Knowing your audience profile is fundamental to any content marketing strategy.
One frequent mistake made by content marketers is the creation of content for the wrong audience. You may have a great piece of writing and video, pointed squarely at the average customer and loved by the chief executive and marketing director. Yet it bombs. Why?
It fails because your customers are a varied group of people. They may be 55-year-old men at one end and Snapchat-addicted Millennials at the other. And they buy for different reasons. Target the average person that slots between these two groups and you might be talking to someone who doesn’t exist.
Audience relevance is the biggest metric when it comes to increasing content marketing effectiveness. In a survey, 58 per cent of marketers said it was important. The only surprising thing is that 42 per cent think it’s not.
Objectivity is key. If you reckon you’ve produced a great piece of content, then the first thing to do is step back and consider. Are the design and tone right for your customer or target audience? Remember that you are, probably, not the audience. One size fits all is not necessarily the best way forward.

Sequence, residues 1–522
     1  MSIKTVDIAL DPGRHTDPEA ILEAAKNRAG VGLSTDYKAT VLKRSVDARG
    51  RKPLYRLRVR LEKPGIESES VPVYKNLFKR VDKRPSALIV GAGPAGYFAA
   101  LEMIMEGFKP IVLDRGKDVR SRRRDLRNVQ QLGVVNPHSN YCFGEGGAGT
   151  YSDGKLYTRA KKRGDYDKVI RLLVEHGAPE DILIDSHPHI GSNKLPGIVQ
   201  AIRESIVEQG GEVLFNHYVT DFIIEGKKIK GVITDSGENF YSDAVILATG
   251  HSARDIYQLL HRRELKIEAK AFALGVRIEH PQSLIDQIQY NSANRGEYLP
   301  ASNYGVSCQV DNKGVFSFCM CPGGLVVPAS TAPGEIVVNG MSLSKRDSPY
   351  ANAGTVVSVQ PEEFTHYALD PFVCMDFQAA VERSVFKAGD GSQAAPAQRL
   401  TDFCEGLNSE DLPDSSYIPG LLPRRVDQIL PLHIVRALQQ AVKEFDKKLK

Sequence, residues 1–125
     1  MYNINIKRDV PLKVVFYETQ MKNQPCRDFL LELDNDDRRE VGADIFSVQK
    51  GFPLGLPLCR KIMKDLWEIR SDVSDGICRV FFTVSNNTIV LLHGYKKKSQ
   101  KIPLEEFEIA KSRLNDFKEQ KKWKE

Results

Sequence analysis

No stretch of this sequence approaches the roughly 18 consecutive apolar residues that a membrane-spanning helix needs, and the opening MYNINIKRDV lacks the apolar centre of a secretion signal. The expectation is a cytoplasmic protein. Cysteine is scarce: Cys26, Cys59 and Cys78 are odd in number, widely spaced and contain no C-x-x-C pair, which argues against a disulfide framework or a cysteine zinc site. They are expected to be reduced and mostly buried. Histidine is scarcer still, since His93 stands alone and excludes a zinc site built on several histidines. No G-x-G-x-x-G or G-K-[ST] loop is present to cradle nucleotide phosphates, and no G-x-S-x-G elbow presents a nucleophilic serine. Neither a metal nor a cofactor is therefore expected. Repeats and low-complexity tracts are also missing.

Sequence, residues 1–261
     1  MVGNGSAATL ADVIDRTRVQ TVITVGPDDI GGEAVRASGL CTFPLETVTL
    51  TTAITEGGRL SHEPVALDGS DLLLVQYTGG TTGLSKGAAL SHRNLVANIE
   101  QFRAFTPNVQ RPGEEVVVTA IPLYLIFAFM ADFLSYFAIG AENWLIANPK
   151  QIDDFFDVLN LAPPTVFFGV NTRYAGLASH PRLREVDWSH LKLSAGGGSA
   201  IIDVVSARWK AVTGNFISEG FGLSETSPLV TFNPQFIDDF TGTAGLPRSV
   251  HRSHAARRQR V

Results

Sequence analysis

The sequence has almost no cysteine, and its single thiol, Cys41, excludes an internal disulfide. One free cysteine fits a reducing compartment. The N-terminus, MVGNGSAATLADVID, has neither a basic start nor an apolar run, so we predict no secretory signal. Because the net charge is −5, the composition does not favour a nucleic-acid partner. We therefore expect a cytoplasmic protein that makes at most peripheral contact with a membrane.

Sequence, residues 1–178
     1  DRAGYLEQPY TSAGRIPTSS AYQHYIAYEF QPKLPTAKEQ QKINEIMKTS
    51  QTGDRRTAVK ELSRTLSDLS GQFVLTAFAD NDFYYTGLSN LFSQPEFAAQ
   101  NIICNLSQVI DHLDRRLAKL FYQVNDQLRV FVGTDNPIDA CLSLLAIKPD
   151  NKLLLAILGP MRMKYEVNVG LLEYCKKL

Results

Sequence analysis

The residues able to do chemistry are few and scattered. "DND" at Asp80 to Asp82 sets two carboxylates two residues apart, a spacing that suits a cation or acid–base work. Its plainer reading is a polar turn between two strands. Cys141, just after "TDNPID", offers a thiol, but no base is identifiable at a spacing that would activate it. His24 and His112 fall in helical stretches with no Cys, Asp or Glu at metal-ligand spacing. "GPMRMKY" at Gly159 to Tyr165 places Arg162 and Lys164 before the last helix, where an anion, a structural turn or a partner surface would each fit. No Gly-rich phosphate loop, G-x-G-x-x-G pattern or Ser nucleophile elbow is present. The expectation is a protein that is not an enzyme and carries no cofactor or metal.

An example to us all
Audience segmentation has been illustrated well by Dell’s Nurture campaign, which strung together different pieces of content into mini-magazines or documents. The combination of elements was set via an algorithm reflecting the individual customer’s position in the sales funnel.
Another example is Netflix. It’s a stretch to call Orange is the New Black content marketing, but Netflix’s position as a supplier of view-on-demand programming enabled it to break down a few walls. The company’s ability to analyse and distill customer behaviour has allowed it to create bespoke programming. A family may have one account, but within that can appear a number of individual profiles. This allow customers to be targeted according to their likely preferences.
Netflix produced around a dozen different promotional clips for House of Cards. Some featured women more heavily, some older men or different elements of the plot. The hook might look the same, but different fish prefer different bait.
The concept of producing 10 different pieces of content with the same aim might seem overkill. It would be difficult to imagine a Chanel perfume advert working that way, even if it wanted to target husbands and boyfriends at Christmas.
But this is the benefit of content marketing. It is possible to amend and adapt, relatively cheaply, different articles or videos to target consumer groups. It is this flexibility that could prove its greatest strength.